Buildings, structures and residences nationwide were lit up with red lights on the evening of Sept. 1, Red Alert Day.
The goal was to raise public awareness that the survival of the live events industry is at stake as a result of the pandemic, which has shuttered live arts and entertainment venues since March.
Playhouse Merced, the Merced Multicultural Arts Center, and The Merced Theatre joined the celebration.
“We have wonderful venues in downtown Merced where people can enjoy arts and connect as a community,” said Anthony Braxton, Playhouse Merced’s interim managing director. “These include not only Playhouse Merced, but all of Merced’s live arts-providing organizations, such as the Merced Theatre, Merced Multicultural Arts Center, Phoenix Creative Collective and the Merced Symphony. Also shuttered are live arts events at Merced College, UC Merced, and all the local public schools.
“We realized we all make our living by gathering large numbers of people in indoor spaces. These venues were the first to be shut down, and will be the last to reopen.
“It was clear the arts venues in Merced needed special attention. We will be closed until people are 99.9 percent sure they’re safe attending in-person events. We’re still going to be waiting until everyone has the opportunity to get the vaccine because we put people close together in an indoor space in the dark.”
“We wanted to make people aware we’re still here and still viable, but we’re going to need the community’s support to come out the other side of this.
“On Red Alert Day, Playhouse Merced, the Merced Multicultural Arts Center, and the Merced Theater all lit up their spaces.
“Everybody went all out for this, and I thought it was a beautiful expression of love for the art and theater agencies. It was a really unique thing to happen in Merced.”
Describing the conversations and understandings leading up to downtown Merced’s participation in Red Alert Day, Braxton told the Times, “There hasn’t been any conversation in either public or government circles about what has happened with live event spaces.
“We asked ourselves how could we come out on the other side and still have Playhouse Merced up and running and viable for the community? We’ve been here for over 30 years. We’re very unique in having a theater that has been around that long that does the work we do.
“We had been talking as non-profits about how each of us is doing, and we know if we can raise awareness and continue to do these things together, we’ll be okay.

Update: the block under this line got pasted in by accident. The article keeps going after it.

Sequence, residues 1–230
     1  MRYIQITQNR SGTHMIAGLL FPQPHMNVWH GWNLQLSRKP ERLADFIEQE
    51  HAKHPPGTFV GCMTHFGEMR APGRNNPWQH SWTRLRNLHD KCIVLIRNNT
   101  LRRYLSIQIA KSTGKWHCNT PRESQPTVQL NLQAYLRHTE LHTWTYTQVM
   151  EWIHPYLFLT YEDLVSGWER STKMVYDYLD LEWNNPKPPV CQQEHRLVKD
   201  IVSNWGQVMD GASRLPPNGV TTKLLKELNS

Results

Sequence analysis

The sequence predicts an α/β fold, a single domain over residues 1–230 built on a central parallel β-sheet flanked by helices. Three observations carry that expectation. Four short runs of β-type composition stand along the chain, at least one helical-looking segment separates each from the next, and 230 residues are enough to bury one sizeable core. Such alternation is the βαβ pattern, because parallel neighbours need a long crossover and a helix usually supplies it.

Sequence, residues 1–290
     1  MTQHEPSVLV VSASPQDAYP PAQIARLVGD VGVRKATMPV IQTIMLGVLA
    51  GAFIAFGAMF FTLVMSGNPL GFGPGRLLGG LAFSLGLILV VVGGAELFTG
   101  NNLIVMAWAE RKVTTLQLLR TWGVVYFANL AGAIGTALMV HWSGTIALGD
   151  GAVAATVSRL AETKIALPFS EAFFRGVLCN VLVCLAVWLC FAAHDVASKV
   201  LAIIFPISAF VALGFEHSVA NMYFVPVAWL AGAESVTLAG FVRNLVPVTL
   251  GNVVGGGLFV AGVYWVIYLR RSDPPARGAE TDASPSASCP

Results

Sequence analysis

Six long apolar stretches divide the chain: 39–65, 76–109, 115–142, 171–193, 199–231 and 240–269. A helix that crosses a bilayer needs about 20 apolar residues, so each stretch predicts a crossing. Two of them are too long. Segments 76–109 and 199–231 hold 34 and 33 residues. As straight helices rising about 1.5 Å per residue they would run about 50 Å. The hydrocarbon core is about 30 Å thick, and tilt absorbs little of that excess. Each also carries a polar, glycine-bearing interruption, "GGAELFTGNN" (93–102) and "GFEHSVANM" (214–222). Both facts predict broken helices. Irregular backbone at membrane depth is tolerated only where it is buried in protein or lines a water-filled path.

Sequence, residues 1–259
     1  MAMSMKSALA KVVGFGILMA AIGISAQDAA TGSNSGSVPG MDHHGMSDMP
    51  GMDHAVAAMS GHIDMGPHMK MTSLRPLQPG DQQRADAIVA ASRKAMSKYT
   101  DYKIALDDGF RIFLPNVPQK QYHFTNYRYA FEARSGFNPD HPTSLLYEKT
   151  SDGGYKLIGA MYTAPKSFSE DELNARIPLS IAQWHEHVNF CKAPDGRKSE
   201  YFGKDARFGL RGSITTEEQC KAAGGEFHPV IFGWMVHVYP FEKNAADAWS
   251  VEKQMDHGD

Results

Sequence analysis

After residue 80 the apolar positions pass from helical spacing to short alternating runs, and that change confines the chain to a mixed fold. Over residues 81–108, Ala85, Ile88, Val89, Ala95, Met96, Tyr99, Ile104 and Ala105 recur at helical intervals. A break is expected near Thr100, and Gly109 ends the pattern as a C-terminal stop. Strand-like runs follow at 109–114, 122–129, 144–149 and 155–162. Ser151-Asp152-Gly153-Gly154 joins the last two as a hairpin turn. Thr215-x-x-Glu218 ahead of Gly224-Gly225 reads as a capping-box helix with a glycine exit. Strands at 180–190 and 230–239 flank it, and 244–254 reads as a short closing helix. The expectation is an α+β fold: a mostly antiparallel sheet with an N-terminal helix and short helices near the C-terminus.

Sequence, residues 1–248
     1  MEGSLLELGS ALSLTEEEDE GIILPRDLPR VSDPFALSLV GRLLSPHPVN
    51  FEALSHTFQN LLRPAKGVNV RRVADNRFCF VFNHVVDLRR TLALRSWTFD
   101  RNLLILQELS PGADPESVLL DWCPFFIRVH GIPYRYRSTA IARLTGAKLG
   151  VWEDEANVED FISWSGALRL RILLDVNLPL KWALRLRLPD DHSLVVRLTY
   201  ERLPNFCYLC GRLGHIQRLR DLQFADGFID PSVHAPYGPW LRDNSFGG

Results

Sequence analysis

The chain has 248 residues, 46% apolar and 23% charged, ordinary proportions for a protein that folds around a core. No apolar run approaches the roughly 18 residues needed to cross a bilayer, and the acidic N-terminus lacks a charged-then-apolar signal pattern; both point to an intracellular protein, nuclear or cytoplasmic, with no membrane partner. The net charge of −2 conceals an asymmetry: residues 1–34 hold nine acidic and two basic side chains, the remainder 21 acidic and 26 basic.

“Most of the arts venues are driven by non-profits, and as a non-profit we have the capacity to go to people and ask for money. That’s how we fill the budget.
“Almost any non-profit theater organization generates about 40 percent of the income needed from ticket sales, and the rest is left up to giving or other revenue streams. “We were providing services to schools, but when the schools shut down for in-person learning, we no longer provided those programs in schools. There went 60 percent of our income, and we knew we needed to fill that.
“Also, if we’re not producing shows, our income goes down.
“Initially, there was a lot of concern about these organizations surviving. We laid off all our staff except the three full-time people we had here. I think the MAC had to lay off a bunch of staff, and the Merced Theater only has one person working.
“I don’t think any of us are about to go under, but we recognized we need to have a plan because it will be well into 2021 before we’re open.
“I received a notice from the American Association of Community Theaters and its focus included the live events industry, such as big producers and big live event arenas like the Save Mart Center, and it described the red alert event.
“Red alert started with a focus on the larger live events industry, but people were quick to recognize that it included theaters and community theaters. The notice came to me as a community theater, and no one at the MAC and the Merced Theatre knew about it. But they are clearly included in live events.
“So we took advantage of this national day, Red Alert, and decided to pull together some union members and non-profit members and have red lights in, on and around the buildings from 9 p.m. to midnight on Sept. 1.”